KVEA/Telemundo via AP
This image provided by KVEA/Telemundo shows KCAL cameraman Carl Stein knocked to the ground by Los Angeles police during Tuesday's immigrants rights rally. The image was part of a KCAL news broadcast.
updated 5/3/2007 10:38:20 AM ET 2007-05-03T14:38:20

Investigators will review hundreds of hours of video of an immigration rally where police clashed with the crowd, wielding batons and firing rubber bullets to break up the demonstration, the police chief said Thursday.

Chief William J. Bratton said in an appearance on CBS’s “Early Show” that he was “not happy” when he watched videotape of the events at MacArthur Park late Tuesday, when officers fired 240 nonlethal rounds to clear demonstrators.

He said police and news media video would aid investigations into whether the officers’ tactics were appropriate.

“We have to really try to determine exactly what happened. We’re fortunate in this instance that we have a lot of video to look at,” Bratton said. “We have literally hundreds of hours of video to review to make our decisions.”

News images showed police hitting a television cameraman to the ground, shoving people who were walking away from officers and injuries from the rubber bullets.

Rally organizers denounced the police action as brutal.

“They were pushing children, elderly, mothers with their babies and beating up on the media” said Angela Sanbrano, an organizer.

The clashes started around 6 p.m. Tuesday, when police tried to disperse demonstrators who moved into a street, according to rally organizers and reporters. Authorities said several people threw rocks and bottles at officers, who used batons to push the crowd back to the sidewalk and then cleared the park.

A police order to disperse was in English and from a police helicopter, a likely ineffective tactic because of the noise and because many at the protest were Spanish-speakers, Bratton said at a news conference Wednesday.

Police caution on 'rush to judgment'
Bratton said police were initially trying to deal with 50 to 100 “agitators.”

“The individuals were there to provoke police,” Bratton said. “Unfortunately, they got what they came for.”

Police union leaders urged against a “rush to judgment.”

“Our officers gave a legal dispersal order and were met with violence. In the coming days it will become clear what transpired,” said Los Angeles Police Protective League President Bob Baker in a statement.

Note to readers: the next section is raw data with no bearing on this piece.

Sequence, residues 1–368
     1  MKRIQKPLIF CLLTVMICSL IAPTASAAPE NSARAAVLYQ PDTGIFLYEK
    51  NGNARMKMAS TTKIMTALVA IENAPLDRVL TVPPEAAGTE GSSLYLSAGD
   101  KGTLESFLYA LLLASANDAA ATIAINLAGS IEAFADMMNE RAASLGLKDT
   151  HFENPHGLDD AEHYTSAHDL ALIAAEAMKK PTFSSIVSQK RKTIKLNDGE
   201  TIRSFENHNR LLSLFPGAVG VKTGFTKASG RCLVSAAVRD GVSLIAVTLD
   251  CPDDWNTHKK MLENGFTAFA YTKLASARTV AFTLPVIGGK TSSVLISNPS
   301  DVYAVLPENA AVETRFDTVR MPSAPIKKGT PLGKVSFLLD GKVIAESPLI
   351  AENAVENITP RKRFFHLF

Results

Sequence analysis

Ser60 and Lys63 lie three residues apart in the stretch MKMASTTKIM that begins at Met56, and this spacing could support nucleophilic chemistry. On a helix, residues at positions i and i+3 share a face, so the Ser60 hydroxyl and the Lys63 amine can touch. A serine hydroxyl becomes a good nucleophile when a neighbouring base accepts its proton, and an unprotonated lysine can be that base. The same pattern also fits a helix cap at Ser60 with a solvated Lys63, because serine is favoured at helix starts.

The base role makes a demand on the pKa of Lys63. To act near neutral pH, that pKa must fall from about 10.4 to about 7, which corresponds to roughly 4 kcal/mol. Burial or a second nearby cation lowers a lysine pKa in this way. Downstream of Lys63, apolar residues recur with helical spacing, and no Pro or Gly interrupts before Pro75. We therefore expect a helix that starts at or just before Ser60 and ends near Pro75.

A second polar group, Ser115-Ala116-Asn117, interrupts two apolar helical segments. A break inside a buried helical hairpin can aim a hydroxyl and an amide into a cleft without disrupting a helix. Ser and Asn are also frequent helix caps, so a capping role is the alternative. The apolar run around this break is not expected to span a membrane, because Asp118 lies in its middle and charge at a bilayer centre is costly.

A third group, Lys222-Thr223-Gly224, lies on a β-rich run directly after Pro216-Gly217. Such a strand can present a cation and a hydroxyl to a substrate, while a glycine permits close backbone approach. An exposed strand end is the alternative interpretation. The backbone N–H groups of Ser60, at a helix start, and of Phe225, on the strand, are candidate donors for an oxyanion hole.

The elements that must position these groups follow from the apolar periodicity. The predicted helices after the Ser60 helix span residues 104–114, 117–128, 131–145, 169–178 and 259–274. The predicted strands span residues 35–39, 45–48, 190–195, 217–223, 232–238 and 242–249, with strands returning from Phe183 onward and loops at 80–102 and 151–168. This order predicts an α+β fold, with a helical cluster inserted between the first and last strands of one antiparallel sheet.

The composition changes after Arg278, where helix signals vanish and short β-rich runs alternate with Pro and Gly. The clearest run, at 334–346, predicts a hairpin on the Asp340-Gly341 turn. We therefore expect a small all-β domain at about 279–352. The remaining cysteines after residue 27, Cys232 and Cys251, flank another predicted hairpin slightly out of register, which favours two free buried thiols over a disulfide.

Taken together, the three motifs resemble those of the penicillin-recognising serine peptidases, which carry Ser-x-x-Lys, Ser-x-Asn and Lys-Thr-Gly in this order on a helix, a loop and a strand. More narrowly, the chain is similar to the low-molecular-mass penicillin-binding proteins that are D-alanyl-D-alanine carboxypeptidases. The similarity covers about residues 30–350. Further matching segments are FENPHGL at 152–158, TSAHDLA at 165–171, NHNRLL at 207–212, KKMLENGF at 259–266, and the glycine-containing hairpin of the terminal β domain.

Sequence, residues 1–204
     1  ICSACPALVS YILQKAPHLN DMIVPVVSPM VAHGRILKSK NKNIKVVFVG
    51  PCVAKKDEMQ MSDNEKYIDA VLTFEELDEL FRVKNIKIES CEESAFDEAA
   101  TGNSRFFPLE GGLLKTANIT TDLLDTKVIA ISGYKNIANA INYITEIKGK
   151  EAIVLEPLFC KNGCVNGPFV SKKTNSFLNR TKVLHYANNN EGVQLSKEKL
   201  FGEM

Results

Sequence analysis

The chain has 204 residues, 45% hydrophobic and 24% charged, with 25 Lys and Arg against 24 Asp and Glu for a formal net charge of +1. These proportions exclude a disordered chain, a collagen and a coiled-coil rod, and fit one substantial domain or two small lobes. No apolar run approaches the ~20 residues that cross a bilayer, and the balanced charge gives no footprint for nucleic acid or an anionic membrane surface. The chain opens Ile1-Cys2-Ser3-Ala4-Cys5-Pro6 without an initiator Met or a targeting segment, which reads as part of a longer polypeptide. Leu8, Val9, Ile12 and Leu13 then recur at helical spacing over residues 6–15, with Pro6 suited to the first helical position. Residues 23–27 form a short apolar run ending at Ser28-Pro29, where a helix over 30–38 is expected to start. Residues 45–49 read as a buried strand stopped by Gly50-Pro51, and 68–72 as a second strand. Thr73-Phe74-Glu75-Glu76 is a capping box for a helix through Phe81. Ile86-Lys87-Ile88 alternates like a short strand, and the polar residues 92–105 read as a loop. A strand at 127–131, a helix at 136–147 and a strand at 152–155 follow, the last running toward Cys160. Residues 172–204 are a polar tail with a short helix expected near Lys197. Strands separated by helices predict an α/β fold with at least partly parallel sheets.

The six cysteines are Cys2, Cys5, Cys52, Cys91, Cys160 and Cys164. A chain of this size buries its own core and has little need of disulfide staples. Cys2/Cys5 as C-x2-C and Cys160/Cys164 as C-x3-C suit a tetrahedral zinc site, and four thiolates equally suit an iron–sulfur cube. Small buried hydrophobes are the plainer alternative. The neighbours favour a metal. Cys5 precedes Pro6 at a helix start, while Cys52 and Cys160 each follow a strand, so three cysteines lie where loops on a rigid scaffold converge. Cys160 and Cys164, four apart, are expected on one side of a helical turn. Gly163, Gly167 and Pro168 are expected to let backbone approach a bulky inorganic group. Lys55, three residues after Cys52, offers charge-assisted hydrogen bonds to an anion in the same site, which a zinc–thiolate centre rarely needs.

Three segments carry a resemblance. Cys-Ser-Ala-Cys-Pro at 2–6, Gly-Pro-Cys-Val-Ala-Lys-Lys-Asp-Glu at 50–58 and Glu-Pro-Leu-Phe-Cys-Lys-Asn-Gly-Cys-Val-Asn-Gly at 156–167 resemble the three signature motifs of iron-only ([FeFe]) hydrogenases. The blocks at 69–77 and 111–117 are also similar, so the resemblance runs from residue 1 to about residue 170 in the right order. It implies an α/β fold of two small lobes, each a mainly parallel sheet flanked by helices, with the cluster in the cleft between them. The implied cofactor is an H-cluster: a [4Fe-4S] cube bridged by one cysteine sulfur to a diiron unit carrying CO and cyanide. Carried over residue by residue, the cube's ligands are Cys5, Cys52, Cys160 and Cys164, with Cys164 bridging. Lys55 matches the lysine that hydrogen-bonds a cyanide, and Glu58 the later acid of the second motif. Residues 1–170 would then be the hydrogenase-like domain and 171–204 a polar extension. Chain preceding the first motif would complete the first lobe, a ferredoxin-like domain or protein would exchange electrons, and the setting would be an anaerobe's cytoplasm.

Seven officers suffered minor injuries, and another was pushed off his motorcycle, Bratton said. About 10 other people were treated for minor injuries, though authorities expected the number to rise.

The investigations already under way include an overall departmental review of tactics, an internal affairs investigation into the behavior of the officers and commanders on the scene, and an independent review by the Inspector General, the investigative arm of the Police Commission, which sets policy for the Police Department.

John Mack, president of the five-member Police Commission, said he was “deeply disturbed and very disappointed” by the news images.

“This was not a pretty picture. This incident raises serious concern regarding the use of force by some individual officers,” said Mack, who is one of Bratton’s bosses.

Official calls for D.A. to investigate
Democratic Assembly Speaker Fabian Nuñez, who represents the park district, also asked Los Angeles County District Attorney Steve Cooley to launch an independent investigation into the officers’ actions.

He said police deliberately led troublemakers back to the peaceful marchers before beginning their assault.

“The only logical conclusion I can come to is that somebody wanted it to bleed into the march so that they can do some target practice on some of the immigrants that were marching,” Nunez said.

News organizations also condemned the Police Department for its use of batons and riot guns against members of the media.

“We are sorry for what happened to our employees and find it unacceptable that they would be abused in that way when they were doing their job,” said Alfredo Richard, spokesman for the Spanish-language network Telemundo, whose anchor and reporter were hurt.

Bratton promised to investigate the treatment of reporters.

“I’m not seeking to defend it at all,” he told the “Early Show.” “That’s why we’re having investigations.”

© 2013 The Associated Press. All rights reserved. This material may not be published, broadcast, rewritten or redistributed.

Video: Rally probe

Discuss:

Discussion comments

,

Most active discussions

  1. votes comments
  2. votes comments
  3. votes comments
  4. votes comments